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Prevalence of comorbid substance use, anxiety and mood disorders in epidemiological surveys, 1990-2014: A systematic review and meta-analysis

Citation

Lai, HMX and Cleary, M and Sitharthan, T and Hunt, GE, Prevalence of comorbid substance use, anxiety and mood disorders in epidemiological surveys, 1990-2014: A systematic review and meta-analysis, Drug and Alcohol Dependence: An International Journal on Biomedical and Psychosocial Approaches, 154 pp. 1-13. ISSN 0376-8716 (2015) [Refereed Article]

DOI: doi:10.1016/j.drugalcdep.2015.05.031

Abstract

BACKGROUND: Comorbidity is highly prevalent between substance use disorders (SUDs), mood and anxiety disorders. We conducted a systematic review and meta-analysis to determine the strength of association between SUDs, mood and anxiety disorders in population-based epidemiological surveys.

METHODS: A comprehensive literature search of Medline, EMBASE, CINAHL, PsychINFO, Web of Science, and Scopus was conducted from 1990 to 2014. Sources were chosen on the basis that they contained original research in non-clinical populations conducted in randomly selected adults living within defined boundaries. Prevalence of comorbid SUDs, mood and anxiety disorders and odds ratios (ORs) were extracted.

RESULTS: There were 115 articles identified by electronic searches that were reviewed in full text which yielded 22 unique epidemiological surveys to extract lifetime and 12-month prevalence data for psychiatric illness in respondents with an SUD. Meta-analysis indicated the strongest associations were between illicit drug use disorder and major depression (pooled OR 3.80, 95% CI 3.02-4.78), followed by illicit drug use and any anxiety disorder (OR 2.91, 95% CI 2.58-3.28), alcohol use disorders and major depression (OR 2.42, 95% CI 2.22-2.64) and alcohol use disorders and any anxiety disorder (OR 2.11, 95% CI 2.03-2.19). ORs for dependence were higher than those for abuse irrespective to diagnoses based on lifetime or 12-month prevalence.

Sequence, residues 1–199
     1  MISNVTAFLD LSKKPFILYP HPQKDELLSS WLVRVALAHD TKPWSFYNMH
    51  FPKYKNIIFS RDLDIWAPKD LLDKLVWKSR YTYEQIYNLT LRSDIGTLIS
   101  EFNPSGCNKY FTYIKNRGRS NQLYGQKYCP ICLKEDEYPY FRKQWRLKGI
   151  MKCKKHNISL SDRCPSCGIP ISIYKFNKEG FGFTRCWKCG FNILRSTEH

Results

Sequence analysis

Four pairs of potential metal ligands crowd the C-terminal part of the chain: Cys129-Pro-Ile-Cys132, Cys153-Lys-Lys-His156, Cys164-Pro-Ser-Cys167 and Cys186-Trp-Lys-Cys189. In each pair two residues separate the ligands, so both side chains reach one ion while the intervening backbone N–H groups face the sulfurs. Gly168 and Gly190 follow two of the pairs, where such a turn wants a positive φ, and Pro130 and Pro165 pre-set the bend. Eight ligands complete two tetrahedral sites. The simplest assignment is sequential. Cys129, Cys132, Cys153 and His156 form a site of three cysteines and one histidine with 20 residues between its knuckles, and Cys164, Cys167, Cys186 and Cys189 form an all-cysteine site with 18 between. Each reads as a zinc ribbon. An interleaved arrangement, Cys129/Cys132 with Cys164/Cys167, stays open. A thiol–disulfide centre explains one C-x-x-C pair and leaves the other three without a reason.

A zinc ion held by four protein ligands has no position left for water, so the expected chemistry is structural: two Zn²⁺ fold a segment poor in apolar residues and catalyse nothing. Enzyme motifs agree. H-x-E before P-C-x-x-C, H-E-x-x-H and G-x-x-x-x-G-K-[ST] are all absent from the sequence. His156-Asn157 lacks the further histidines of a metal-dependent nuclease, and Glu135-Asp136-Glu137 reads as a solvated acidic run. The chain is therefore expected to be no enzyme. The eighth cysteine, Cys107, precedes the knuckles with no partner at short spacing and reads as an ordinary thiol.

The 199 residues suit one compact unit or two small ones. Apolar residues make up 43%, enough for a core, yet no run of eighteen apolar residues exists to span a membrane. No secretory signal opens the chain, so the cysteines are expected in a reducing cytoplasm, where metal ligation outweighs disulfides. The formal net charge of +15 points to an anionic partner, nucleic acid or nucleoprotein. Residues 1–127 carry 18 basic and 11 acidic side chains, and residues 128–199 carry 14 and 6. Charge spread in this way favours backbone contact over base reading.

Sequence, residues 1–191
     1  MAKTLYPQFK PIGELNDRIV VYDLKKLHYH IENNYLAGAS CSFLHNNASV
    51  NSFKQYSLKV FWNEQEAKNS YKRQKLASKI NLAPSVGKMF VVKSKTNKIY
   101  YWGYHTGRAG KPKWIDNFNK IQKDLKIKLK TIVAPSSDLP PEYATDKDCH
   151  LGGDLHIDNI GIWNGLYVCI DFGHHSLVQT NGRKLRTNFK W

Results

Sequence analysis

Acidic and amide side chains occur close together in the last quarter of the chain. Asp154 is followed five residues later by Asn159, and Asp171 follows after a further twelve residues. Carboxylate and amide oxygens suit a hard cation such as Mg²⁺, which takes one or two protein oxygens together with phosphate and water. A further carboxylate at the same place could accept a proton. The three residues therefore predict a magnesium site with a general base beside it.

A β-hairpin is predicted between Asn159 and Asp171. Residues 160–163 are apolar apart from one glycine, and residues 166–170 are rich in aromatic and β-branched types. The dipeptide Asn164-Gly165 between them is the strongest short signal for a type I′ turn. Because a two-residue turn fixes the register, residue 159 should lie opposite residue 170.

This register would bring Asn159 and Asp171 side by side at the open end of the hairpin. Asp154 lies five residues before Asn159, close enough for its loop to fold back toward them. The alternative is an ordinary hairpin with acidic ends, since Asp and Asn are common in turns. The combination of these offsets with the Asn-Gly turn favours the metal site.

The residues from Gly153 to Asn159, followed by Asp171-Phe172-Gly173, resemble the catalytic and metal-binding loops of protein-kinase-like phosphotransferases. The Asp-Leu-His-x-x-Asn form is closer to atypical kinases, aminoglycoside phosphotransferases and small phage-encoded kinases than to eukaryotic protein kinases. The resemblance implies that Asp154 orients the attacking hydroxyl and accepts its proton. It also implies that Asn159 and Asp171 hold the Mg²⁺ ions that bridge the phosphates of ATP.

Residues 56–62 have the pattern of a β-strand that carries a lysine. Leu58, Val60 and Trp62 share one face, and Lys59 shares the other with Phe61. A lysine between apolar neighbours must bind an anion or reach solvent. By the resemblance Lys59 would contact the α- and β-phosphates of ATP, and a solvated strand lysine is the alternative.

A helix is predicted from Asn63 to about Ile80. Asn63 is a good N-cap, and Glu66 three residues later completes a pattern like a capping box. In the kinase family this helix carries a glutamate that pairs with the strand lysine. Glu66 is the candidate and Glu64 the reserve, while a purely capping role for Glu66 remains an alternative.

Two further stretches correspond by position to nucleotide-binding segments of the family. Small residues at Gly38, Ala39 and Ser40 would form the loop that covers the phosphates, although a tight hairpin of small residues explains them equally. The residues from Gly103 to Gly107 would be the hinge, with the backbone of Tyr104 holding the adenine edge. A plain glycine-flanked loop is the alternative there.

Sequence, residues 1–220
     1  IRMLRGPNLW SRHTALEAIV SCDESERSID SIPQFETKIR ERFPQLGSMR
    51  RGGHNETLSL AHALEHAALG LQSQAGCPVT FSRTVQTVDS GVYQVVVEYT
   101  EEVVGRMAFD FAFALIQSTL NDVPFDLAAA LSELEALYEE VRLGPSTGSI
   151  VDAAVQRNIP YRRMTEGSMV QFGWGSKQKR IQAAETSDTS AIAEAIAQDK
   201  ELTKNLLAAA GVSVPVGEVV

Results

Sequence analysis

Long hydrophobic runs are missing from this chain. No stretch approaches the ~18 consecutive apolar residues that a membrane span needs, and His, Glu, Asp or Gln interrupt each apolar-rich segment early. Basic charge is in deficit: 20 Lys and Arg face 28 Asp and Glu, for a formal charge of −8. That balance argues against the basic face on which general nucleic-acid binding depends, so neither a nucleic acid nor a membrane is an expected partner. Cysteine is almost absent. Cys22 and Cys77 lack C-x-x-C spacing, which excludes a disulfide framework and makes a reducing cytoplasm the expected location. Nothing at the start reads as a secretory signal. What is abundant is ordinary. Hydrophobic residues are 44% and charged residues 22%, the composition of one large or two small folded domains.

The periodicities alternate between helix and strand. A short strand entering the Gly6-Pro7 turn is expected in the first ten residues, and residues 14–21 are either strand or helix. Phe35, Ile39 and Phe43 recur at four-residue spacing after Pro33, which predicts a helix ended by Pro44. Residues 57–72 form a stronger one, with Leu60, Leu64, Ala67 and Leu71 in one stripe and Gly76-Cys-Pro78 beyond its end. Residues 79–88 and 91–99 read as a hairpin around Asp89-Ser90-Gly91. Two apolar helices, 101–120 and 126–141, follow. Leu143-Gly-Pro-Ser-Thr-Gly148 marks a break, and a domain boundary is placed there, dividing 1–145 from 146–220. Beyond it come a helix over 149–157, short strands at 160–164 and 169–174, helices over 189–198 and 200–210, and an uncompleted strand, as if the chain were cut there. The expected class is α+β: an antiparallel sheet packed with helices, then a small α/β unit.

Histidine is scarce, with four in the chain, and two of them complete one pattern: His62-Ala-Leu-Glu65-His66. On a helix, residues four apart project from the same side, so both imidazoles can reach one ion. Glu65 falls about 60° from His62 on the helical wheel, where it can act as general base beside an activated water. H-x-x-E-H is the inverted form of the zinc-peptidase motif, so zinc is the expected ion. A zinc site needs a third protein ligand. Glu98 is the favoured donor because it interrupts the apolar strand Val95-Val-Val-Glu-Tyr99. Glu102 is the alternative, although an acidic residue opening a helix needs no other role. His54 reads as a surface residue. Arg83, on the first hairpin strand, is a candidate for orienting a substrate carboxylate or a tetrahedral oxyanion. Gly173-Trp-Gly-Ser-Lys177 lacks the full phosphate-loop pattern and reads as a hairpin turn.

CONCLUSIONS: This review confirms the strong association between SUDs, mood and anxiety disorders. The issue has now been recognised worldwide as a factor that affects the profile, course, patterns, severity and outcomes of these disorders.

Item Details

Item Type:Refereed Article
Research Division:Medical and Health Sciences
Research Group:Public Health and Health Services
Research Field:Mental Health
Objective Division:Health
Objective Group:Public Health (excl. Specific Population Health)
Objective Field:Mental Health
Author:Cleary, M (Professor Michelle Cleary)
ID Code:107291
Year Published:2015
Deposited By:Health Sciences
Deposited On:2016-03-09
Last Modified:2016-03-09
Downloads:0

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